“Just the way he coaches. He tries to run it like an NBA organization,” Fox said. “You know the track record he’s had, so you don’t go in there like you’re the only high major player he’s ever had, you’re one of many. You just listen to him and he’s able to get you to the next level, he helps us that way. He has us playing like an NBA team, it’s difficult in college to simulate that but he does it the best.”

Thursday night, years of work in the gym for Fox will all culminate with him being drafted — then another whirlwind will start. He will be flown off to the city where he is picked, meet the media, sit down with the coach, and quickly start workouts with the team in advance of Summer League. Fox hasn’t focused too much on where he will land, but he has focused on what he will wear draft night.

“I’ve actually had my suit picked out for a while now,” Fox said. “I haven’t actually picked the shoes yet, though.”

Would John Calipari approve of the look?

“I think he would.”

Utah’s Rudy Gobert, Brooklyn’s D’Angelo Russell both make return from injury tonight

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Let’s try something different: How about some good injury news for a change?

Going through the roughest part of their schedule without their Defensive Player of the Year candidate Rudy Gobert, the Utah Jazz have fallen out of the playoff picture in the West. The good news is Gobert is back starting Friday night.

The Brooklyn Nets took on a lot of salary (hello Timofey Mozgov) to get ahold of and see if they could develop D'Angelo Russell into their point guard of the future. However, he has been out since Nov. 12 and had to get his knee scoped to solve some issues. Now he is back as of Friday against Miami, and the Nets will again be able to get a look at him (as he heads into restricted free agency).

Neither of these returns are turning these teams into playoff teams, but they do help.

Brooklyn is not about the playoffs this season, but their gritty performances this season have picked up enough wins to frustrate Cavaliers fans (the Cavs have their pick in this draft). The Jazz are not completely out of the playoffs, but they are five games back in a deep Western conference and that will be hard to make up without some help. Getting Gobert back at least gives the Jazz a chance, and it’s an opportunity for Gobert and rookie sensation Donovan Mitchell to start to develop some chemistry.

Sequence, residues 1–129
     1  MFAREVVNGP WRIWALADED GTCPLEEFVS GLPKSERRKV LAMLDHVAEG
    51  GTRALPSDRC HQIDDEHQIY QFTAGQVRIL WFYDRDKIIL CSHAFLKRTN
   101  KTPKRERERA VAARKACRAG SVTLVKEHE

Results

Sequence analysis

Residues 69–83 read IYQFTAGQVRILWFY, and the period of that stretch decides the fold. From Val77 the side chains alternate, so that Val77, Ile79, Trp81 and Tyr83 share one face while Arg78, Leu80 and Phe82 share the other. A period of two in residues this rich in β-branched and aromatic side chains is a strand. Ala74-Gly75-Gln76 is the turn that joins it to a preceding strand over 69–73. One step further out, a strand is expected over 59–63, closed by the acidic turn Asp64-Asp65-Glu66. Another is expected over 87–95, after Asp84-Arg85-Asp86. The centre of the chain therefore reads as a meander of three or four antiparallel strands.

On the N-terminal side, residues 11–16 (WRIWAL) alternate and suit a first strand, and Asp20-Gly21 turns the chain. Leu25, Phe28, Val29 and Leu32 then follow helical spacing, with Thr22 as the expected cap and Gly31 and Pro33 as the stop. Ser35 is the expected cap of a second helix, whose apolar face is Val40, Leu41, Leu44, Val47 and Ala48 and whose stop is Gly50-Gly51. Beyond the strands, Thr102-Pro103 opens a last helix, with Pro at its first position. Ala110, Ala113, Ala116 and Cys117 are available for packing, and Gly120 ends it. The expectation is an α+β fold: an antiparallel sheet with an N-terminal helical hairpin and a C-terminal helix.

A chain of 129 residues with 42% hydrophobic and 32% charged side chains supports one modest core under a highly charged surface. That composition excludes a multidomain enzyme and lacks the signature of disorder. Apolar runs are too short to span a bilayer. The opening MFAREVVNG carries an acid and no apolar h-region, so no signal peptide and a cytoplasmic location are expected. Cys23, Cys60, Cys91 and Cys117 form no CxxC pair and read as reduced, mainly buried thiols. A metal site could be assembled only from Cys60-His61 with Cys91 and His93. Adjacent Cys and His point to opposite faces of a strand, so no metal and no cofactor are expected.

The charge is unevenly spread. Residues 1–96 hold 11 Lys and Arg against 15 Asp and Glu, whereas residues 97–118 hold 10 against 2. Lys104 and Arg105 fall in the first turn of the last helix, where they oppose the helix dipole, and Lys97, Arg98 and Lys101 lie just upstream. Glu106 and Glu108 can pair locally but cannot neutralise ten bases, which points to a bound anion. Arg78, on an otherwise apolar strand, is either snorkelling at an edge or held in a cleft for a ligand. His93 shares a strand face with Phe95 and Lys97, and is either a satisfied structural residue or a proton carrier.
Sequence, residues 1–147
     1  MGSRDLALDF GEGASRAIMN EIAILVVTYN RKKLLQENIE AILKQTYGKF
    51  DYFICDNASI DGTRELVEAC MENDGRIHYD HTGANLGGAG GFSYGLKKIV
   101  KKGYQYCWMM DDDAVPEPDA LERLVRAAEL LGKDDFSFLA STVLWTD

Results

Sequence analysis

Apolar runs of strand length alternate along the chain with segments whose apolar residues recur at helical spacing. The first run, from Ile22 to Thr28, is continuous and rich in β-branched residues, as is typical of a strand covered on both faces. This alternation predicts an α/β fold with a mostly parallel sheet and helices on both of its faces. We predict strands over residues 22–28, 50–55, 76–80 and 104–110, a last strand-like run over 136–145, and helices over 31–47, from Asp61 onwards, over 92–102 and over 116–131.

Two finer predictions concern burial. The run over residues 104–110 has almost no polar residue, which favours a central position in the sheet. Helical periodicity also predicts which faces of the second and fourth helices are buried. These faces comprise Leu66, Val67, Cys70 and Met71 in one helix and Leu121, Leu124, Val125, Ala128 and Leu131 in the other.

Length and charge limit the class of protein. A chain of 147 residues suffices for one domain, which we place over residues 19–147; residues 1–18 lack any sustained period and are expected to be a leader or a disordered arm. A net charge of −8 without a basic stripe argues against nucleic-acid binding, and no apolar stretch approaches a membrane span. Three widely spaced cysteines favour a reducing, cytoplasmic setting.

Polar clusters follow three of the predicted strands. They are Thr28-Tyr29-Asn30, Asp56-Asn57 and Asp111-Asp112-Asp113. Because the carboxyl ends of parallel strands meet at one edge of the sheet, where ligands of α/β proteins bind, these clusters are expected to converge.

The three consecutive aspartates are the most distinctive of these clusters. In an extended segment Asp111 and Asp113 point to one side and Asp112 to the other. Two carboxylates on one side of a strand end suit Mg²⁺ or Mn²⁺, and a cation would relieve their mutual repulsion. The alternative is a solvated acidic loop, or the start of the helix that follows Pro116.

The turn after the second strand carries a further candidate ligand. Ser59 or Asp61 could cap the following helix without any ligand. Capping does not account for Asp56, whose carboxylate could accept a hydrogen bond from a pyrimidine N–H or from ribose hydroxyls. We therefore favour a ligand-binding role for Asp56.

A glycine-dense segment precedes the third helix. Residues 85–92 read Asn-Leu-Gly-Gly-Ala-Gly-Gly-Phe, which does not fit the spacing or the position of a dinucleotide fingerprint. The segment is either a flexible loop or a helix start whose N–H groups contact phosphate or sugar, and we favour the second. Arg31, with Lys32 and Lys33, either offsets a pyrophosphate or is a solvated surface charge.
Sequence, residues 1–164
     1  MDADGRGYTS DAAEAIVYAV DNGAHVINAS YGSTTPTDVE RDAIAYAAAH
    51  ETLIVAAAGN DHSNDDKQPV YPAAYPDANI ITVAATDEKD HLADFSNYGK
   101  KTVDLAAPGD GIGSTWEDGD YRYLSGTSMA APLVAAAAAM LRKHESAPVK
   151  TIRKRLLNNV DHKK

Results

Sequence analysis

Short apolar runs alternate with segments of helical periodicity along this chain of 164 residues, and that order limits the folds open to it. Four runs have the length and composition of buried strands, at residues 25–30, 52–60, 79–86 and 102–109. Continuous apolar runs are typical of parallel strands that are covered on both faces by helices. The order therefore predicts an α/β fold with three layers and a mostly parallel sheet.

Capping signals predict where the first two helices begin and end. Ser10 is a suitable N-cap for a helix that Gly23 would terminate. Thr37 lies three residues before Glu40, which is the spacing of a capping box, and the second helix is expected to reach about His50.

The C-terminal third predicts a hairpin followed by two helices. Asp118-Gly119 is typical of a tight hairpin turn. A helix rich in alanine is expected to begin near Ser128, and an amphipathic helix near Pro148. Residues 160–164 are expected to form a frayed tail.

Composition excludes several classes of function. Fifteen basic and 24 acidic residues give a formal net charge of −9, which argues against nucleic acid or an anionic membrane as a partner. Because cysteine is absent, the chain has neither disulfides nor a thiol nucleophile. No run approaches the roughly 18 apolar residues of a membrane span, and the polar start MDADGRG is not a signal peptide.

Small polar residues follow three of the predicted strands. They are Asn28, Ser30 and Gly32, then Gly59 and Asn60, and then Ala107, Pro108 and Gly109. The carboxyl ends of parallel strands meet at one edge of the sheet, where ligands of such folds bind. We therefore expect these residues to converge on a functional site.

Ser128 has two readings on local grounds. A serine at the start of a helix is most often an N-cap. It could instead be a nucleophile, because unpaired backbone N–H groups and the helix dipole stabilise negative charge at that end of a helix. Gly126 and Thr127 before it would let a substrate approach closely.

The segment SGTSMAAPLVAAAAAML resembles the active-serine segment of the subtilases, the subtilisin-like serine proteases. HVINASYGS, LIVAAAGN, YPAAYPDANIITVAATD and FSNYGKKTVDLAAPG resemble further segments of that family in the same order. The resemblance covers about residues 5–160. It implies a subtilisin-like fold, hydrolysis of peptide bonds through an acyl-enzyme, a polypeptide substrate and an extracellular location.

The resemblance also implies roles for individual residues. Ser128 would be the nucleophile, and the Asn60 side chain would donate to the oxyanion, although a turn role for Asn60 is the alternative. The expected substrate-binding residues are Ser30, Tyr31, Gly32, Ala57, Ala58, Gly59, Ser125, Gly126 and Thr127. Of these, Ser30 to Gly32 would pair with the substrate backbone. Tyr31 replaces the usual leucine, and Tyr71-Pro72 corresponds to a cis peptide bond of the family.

Report: Cavaliers interested in George Hill trade with Kings

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When the Sacramento Kings made the much-maligned move to sign three veterans this summer to healthy contracts — George Hill, Zach Randolph, and Vince Carter — there were three reasons for it. Two the Kings were very public about: They wanted mentors for the 10 young players on their roster, and they had to get up to the salary floor anyway.

The third, less discussed reason is those guys might make decent trade chips. Especially as the Kings move toward playing their youth more (as they should).

Enter the Cleveland Cavaliers, who are stumbling through the East right now and have reached out to the Kings about a potential trade for Hill, reports Shams Charania of The Vertical at Yahoo Sports.

In an effort to bolster their backcourt situation, the Cleveland Cavaliers are expressing interest in a trade for Sacramento Kings guard George Hill, league sources told Yahoo Sports.

Cleveland has emerged as an interested suitor, with the Cavaliers pursuing Hill to potentially slide into a dual-guard role, starting at either backcourt position or playing as a reserve, league sources said.

The Cavaliers are starting Isaiah Thomas at the point, with the assumption that he will find his groove as his conditioning improves and he gets used to playing next to LeBron James, however, they have had issues at the two spot. J.R. Smith starts there now with Dwyane Wade and Kyle Korver (both really more threes) behind him, but with Iman Shumpert out due to a foot injury the Cavaliers could use backcourt depth.

George Hill appears to have taken a step back this season, but he is still a solid guard who can shoot the three (45 percent this season) and be a good floor general. He could be a better backup point guard than Derrick Rose. Hill is not a season changer for Cleveland, but he would give them some solid depth and versatility.